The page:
• Vazquez-Chantada M.
      • Alonso C.
      • Perez-Cormenzana M.
      • Mayo R.
      • Galan A.
      • Caballeria J.
      • Martin-Duce A.
      • Tran A.
      • Wagner C.
      • et al.
      Liquid chromatography-mass spectrometry-based parallel metabolic profiling of human and mouse model serum reveals putative biomarkers associated with the progression of nonalcoholic fatty liver disease.
      ,
      • Pagadala M.
      • Kasumov T.
      • McCullogh A.J.
      • Zein N.N.
      • Kirwan J.P.
      Role of ceramides in nonalcoholic fatty liver disease.
      ,
      • Musso G.
      • Gambino R.
      • De Michieli F.
      • Durazzo M.
      • Pagano G.
      • Cassader M.
      Adiponectin gene polymorphisms modulate acute adiponectin response to dietary fat: Possible pathogenetic role in NASH.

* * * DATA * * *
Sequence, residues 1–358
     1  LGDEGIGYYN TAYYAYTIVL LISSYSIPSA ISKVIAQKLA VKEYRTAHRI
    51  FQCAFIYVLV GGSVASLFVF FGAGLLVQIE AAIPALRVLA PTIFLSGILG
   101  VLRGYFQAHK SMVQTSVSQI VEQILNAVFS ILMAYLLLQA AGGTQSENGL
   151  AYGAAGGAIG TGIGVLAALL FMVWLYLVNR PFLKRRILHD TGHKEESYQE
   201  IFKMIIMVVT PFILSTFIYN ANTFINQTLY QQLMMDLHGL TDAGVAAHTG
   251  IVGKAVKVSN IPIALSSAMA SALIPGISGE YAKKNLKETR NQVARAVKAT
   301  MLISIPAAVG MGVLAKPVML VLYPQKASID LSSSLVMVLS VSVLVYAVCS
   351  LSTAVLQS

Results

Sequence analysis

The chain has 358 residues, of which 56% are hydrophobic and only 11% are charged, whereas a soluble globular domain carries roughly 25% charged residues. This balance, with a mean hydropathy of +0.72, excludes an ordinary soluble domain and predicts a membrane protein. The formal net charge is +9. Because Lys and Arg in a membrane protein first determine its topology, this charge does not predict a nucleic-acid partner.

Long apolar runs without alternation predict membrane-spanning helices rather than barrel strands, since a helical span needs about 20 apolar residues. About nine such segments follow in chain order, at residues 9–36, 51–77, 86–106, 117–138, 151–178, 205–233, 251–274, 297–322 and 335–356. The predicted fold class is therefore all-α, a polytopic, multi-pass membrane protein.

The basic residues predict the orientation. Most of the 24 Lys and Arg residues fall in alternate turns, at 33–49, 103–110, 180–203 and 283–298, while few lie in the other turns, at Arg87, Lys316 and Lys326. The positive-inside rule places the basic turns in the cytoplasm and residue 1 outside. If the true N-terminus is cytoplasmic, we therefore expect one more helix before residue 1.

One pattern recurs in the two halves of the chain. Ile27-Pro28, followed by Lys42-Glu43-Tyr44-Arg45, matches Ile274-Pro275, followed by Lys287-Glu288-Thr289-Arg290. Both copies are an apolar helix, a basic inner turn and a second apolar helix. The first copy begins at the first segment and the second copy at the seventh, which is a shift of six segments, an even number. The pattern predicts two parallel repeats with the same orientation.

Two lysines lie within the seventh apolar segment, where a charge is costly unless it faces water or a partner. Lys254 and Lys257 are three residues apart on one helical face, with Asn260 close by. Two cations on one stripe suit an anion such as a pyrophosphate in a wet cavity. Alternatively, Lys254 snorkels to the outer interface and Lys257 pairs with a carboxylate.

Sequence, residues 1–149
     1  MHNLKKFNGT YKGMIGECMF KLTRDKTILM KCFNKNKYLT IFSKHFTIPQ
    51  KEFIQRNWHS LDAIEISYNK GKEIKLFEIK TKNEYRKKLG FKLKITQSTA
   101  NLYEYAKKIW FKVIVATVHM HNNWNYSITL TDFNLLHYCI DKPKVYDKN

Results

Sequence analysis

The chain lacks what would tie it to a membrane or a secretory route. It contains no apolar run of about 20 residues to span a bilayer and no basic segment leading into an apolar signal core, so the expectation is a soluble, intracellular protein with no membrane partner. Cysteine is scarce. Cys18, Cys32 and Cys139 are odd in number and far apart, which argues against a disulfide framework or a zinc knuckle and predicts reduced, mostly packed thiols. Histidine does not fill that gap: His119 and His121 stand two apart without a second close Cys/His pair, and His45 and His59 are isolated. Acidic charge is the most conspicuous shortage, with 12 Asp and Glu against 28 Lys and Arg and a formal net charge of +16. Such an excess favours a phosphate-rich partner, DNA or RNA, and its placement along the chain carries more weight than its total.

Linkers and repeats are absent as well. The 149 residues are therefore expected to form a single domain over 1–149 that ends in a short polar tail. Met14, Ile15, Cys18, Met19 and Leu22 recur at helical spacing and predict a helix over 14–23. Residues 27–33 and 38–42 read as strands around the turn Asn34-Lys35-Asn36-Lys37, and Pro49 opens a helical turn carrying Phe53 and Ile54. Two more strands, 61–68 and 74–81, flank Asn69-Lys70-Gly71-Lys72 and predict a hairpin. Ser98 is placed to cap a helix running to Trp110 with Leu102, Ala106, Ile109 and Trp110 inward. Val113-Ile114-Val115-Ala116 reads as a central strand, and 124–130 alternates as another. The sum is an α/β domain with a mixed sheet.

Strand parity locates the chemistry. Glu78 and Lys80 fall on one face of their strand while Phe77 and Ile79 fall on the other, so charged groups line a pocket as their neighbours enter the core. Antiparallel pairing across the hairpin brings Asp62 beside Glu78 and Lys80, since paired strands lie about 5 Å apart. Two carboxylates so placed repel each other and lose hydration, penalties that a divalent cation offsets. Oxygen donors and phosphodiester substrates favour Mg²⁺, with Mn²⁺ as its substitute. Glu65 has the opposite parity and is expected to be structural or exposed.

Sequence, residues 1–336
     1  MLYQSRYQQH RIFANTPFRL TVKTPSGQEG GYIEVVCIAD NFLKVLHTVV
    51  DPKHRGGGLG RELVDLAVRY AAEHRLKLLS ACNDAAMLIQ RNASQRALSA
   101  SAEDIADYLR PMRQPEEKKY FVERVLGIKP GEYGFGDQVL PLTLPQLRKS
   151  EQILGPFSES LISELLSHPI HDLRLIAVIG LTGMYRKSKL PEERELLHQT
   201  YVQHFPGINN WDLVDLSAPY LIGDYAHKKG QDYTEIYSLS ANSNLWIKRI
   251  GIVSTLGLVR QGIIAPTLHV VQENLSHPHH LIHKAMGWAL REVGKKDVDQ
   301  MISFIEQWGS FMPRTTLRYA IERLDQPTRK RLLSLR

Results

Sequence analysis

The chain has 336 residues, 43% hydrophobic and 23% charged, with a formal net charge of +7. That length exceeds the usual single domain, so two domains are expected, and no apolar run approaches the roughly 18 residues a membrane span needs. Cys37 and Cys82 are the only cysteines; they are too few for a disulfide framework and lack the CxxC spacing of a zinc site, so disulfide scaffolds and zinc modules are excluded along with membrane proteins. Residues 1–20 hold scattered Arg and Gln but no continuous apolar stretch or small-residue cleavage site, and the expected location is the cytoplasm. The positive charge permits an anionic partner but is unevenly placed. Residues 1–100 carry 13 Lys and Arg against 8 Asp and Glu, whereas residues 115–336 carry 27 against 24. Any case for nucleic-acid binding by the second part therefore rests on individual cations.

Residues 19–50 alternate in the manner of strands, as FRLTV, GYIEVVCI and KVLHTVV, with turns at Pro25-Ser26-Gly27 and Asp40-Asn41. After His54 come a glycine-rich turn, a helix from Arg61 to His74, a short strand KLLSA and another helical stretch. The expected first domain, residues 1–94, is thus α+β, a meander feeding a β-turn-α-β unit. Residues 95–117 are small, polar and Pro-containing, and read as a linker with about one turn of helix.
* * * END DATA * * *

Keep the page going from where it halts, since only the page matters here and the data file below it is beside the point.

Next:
,
      • Smagris E.
      • BasuRay S.
      • Li J.
      • Huang Y.
      • Lai K.M.
      • Gromada J.
      • Cohen J.C.
      • Hobbs H.H.
      Pnpla3I148M knockin mice accumulate PNPLA3 on lipid droplets and develop hepatic steatosis.
      ,
      • Kleiner D.E.
      • Brunt E.M.
      • Van Natta M.
      • Behling C.
      • Contos M.J.
      • Cummings O.W.
      • Ferrell L.D.
      • Liu Y.C.
      • Torbenson M.S.
      • Unalp-Arida A.
      • et al.
      Nonalcoholic Steatohepatitis Clinical Research Network.
      ,
      • Ivanova P.T.
      • Milne S.B.
      • Byrne M.O.
      • Xiang Y.
      • Brown H.A.
      Glycerophospholipid identification and quantitation by electrospray ionization mass spectrometry.
      ,